as you can see, with the small increase in horizontal drilling, the Williston basin of North Dakota with an increase of 3 rigs turns out to be the only major shale basin with an increase in drilling this week, although we know there were increases of at least 3 horizontal rigs in other unnamed basins, because the Barnett of north central Texas, the Haynesville of Louisiana, and the Cana Woodford and the Mississippian of Oklahoma all saw horizontal rigs idled this week...those changes account for the larges state increase, North Dakota with 3 more rigs, and contribute to the largest rig decrease, Oklahoma with 4 less...for the other changes, we have little to go on without tediously scrolling thru the detailed logs, because none of Baker Hughes summary data gives any indication what oil or gas source might be targeted by the new directional and vertical rigs...
DUC well report for May
Monday of this past week also saw the release of the EIA's Drilling Productivity Report for June, which includes the EIA's May data for drilled but uncompleted oil and gas wells in the 7 most productive US shale basins...once again, this report showed a large increase in uncompleted wells nationally, almost entirely because of dozens of newly drilled but uncompleted wells (DUCs) in the two Texas oil basins, the Permian basin of west Texas and the Eagle Ford in the south.... for all 7 basins covered by this report, the total count of DUC wells rose from 5,770 wells in April to 5,946 wells in May, the seventh consecutive monthly increase in uncompleted wells....as we pointed out a month ago, as horizontal drilling has rapidly expanded over the past 10 months, more than doubling over that period, a shortage of competent fracking crews has developed, such that in the most active areas, independent U.S. drillers are underspending their budgets by as much as $2.5 billion collectively, largely because they couldn’t find enough fracking crews to handle all the planned work...over the 2 and a half year oil field slump and associated layoffs that began in early 2015, most frackers had gone nearly two years with just skeleton fracking crews still working in most basins around of the country, and as a result many of those who had had been working in the oil fields before the bust have since found work elsewhere, and have no interest in returning to boom/bust oil work...furthermore, fracking has also become more complex over that period, with 50 stage fracks explosively driving several hundred pounds of proppant per foot of lateral not uncommon, so putting together a fracking crew familiar with the latest techniques has become that much harder...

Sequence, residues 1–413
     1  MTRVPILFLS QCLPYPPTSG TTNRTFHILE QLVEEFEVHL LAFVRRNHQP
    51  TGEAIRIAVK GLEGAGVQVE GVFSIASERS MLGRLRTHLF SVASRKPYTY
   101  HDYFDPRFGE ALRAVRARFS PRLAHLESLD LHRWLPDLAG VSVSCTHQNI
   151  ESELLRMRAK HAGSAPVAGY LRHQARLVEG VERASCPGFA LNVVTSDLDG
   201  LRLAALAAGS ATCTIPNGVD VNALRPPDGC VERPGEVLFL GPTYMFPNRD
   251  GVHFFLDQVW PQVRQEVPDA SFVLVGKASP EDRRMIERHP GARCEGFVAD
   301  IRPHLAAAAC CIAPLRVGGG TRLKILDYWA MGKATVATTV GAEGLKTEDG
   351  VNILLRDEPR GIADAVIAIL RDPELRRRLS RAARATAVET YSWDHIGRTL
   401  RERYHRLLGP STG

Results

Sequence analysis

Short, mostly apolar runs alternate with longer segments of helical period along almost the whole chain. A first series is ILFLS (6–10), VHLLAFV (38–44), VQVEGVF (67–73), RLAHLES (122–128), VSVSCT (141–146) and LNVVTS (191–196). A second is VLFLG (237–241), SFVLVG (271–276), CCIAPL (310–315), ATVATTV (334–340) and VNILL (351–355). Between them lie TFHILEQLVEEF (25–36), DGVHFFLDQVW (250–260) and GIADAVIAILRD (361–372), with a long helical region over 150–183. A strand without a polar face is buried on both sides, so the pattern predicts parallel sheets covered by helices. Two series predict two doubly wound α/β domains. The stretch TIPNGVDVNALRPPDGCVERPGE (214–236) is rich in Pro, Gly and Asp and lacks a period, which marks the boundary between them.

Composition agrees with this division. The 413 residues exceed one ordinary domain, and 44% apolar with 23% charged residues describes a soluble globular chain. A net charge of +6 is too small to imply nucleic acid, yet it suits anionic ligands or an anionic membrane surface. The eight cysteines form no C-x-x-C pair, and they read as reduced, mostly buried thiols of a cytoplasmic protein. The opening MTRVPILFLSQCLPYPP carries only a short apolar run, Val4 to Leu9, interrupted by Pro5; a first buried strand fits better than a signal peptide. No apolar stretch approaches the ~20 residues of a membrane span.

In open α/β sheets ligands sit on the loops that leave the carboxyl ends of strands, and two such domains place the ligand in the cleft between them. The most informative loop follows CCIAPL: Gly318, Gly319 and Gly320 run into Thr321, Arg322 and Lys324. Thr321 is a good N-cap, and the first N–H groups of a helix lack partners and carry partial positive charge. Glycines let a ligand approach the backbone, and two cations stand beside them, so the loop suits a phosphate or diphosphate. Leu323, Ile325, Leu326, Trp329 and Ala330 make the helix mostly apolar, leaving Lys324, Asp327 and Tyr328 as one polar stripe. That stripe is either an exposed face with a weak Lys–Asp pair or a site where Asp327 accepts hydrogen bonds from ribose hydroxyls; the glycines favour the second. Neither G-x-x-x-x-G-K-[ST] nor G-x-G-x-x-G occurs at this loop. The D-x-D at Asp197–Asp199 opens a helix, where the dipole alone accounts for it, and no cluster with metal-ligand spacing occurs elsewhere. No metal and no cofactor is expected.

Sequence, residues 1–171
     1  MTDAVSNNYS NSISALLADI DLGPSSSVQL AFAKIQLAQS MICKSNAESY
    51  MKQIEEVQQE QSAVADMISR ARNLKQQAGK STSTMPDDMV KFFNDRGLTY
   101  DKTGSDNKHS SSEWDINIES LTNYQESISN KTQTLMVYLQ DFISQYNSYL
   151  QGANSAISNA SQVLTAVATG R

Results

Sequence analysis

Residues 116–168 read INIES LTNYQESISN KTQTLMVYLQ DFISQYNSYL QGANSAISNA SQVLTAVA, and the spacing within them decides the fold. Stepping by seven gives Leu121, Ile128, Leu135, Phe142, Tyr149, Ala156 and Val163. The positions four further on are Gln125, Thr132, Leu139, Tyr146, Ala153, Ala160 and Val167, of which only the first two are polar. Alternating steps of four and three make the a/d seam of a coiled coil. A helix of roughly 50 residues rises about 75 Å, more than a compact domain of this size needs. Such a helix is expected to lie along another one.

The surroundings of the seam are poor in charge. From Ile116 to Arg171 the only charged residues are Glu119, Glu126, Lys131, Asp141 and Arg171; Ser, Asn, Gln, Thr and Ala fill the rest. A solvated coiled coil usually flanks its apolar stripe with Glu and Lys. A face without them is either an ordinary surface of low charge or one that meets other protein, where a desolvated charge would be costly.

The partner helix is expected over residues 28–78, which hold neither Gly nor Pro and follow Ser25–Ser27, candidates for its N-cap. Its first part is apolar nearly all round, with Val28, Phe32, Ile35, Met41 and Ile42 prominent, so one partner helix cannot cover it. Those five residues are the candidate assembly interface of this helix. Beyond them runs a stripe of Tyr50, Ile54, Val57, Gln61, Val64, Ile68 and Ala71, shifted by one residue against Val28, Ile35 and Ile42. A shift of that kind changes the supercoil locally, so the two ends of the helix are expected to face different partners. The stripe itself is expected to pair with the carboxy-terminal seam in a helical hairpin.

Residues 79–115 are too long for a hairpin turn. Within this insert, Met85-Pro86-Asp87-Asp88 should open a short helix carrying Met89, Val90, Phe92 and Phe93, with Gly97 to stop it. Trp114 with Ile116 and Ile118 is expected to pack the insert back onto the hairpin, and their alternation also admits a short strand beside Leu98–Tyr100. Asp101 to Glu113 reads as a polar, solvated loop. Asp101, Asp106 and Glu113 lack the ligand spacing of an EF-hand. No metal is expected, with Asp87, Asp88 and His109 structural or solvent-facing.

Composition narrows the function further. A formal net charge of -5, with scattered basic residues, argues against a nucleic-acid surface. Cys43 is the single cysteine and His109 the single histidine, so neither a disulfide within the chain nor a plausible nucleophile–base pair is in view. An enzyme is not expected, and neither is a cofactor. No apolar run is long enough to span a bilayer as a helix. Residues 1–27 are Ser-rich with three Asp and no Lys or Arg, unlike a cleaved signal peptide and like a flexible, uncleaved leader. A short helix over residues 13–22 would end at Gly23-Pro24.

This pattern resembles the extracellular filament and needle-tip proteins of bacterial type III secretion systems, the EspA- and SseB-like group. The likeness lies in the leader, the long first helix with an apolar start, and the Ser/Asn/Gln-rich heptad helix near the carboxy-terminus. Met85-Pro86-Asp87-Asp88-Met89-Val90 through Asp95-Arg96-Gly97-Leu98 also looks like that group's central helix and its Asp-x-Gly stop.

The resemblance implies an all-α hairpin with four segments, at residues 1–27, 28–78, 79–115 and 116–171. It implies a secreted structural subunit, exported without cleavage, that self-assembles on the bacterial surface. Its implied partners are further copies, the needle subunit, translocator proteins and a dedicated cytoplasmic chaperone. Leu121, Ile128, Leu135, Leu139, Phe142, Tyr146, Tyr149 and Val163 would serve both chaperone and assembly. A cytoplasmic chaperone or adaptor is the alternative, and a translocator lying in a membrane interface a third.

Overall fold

a total of 992 wells were drilled in the 7 basins covered by this report during May, but only 816 wells were completed, thus accounting for the 176 DUC well increase for the month....like in most recent months, most of the April DUC increases were oil wells; the Permian basin, which includes the Wolfcamp and several other shale plays in that broad basin, saw its total count of uncompleted wells rise by 125, from 2,038 in April to 2,163 in May, as 465 new wells were drilled into the Permian but only 340 wells in the region were fracked...at the same time, DUC wells in the Eagle Ford of south Texas rose by 47, from 1,316 in April to 1,363 wells in May, as 186 wells were drilled in the Eagle Ford in April but only 139 drilled wells were completed....in addition, DUC wells in the Haynesville of Louisiana increased by 9 wells to 201, as 47 wells were drilled but just 38 wells were fracked, and DUCs in the Bakken of North Dakota increased by 8 to 833, as 86 wells were drilled but just 78 Bakken wells were fracked....meanwhile, the Niobrara chalk of the Rockies front range was the only oil basin to see a DUC well decrease, as their uncompleted well inventory fell by 3 wells to 646, as 132 wells were drilled into the Niobrara, while 135 wells were fracked in the same region...in addition, the Marcellus DUC count fell by 1 to 667 uncompleted wells, as 57 Marcellus wells were drilled while 58 were fracked...likewise, Ohio's Utica shale showed a decrease of 9 uncompleted wells and thus had only 73 DUCs remaining at the end of May, as 19 new wells were drilled into the Utica during the month while 28 Utica wells were completed...for the month, DUCs in the 4 oil basins tracked by in this report (ie the Bakken, Niobrara, Permian, and Eagle Ford) increased by 177 to 5,005 wells, while the DUC count in the natural gas regions (the Marcellus, Utica, and the Haynesville) decreased by 1 well to 941 wells, although as the report notes, once into production, more than half the wells drilled nationally will produce both oil and gas...